Global Climate Change: The Consequences Of Global Warming

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Global climate change constitutes arguably the single most important threat to mankind. From the onset of the industrial revolution, greenhouse gas emissions (GHGs), including carbon dioxide (CO2) have increasingly built up in the atmosphere, causing the climate to warm up slowly but steadily (IPCC, 2014). NASA predicts that 2016 will mark the hottest year on record. The effects of global warming are ubiquitous: Greenland’s glacier and the Arctic ice cap are melting, ocean levels are rising, occurrences of extreme weather are increasing, including hurricanes and areas of either intense drought or flooding. Collectively, these changes and their direct consequences are an imminent danger and they directly affect other urgent issues humanity is …show more content…

The ice from glaciers, the ice sheets and permafrost are already melting and will probably continue to melt at a higher rate in the future leading to rises in ocean levels (IPCC, 2014). Furthermore, it causes the emission of methane (also a GHG), stored mostly in the Arctic regions (Shakhova et al., 2007) which in turn leads to increased heat in the atmosphere, further aggravating climate change. GHGs cause the oceans to contain increasingly more acids, which damages coral reefs and negatively influences the amount of CO2 the ocean can absorb (IPCC, 2014). Weather conditions are becoming progressively extreme and a rise in floods, hurricanes and temperatures can already be measured and will further increase in the future (USGCRP, 2014). Weather incidents could destroy forests and swamps, which causes less CO2 to be absorbed naturally. These factors combined will probably further exacerbate climate change. As soon as the average temperatures are higher than 2C relative to pre-industrial levels, irreversible effects that presumably reinforce themselves will manifest (IPCC, 2014). Moreover, some researches even argue that a cap at 2C might be overly benevolent and would not prevent severe detrimental consequences (Hansen et al., …show more content…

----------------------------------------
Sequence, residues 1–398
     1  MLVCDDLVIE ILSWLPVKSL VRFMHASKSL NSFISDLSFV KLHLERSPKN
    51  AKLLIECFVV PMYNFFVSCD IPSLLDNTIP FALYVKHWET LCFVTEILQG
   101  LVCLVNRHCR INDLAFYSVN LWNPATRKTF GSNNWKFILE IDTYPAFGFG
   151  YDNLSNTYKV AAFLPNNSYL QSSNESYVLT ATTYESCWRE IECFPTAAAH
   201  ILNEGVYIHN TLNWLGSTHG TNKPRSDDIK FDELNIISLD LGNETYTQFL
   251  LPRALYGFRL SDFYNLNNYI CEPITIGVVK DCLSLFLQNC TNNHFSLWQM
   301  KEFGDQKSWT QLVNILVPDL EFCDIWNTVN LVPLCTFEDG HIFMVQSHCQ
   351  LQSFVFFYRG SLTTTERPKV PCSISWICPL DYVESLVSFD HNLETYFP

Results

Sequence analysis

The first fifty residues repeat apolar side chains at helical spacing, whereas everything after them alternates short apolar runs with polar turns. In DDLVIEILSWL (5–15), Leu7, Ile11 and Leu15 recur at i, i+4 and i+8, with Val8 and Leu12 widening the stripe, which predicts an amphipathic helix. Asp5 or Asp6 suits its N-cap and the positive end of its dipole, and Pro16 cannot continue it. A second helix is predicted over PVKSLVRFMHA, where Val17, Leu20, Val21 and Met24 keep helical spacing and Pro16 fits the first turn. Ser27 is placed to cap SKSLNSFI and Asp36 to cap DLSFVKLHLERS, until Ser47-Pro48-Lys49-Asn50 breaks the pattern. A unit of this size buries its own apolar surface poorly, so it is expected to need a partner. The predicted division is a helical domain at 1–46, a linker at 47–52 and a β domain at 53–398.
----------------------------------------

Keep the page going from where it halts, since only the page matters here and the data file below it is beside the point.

Following the industrial revolution, it took industrialized countries more than 200 years to establish a living standard under which an environmental movement could emerge. Furthermore, the gap worldwide between the rich and the poor is widening (OECD, 2015). As a reaction, the growing population from developing countries understandably demands equitable living conditions compared to citizens in Europe or the United States. However, establishing higher standards of living is opposed to concentrating efforts on reducing emissions. As a result there will be decades of ever-increasing GHGs globally, currently primarily caused by developed countries and by developing countries in the

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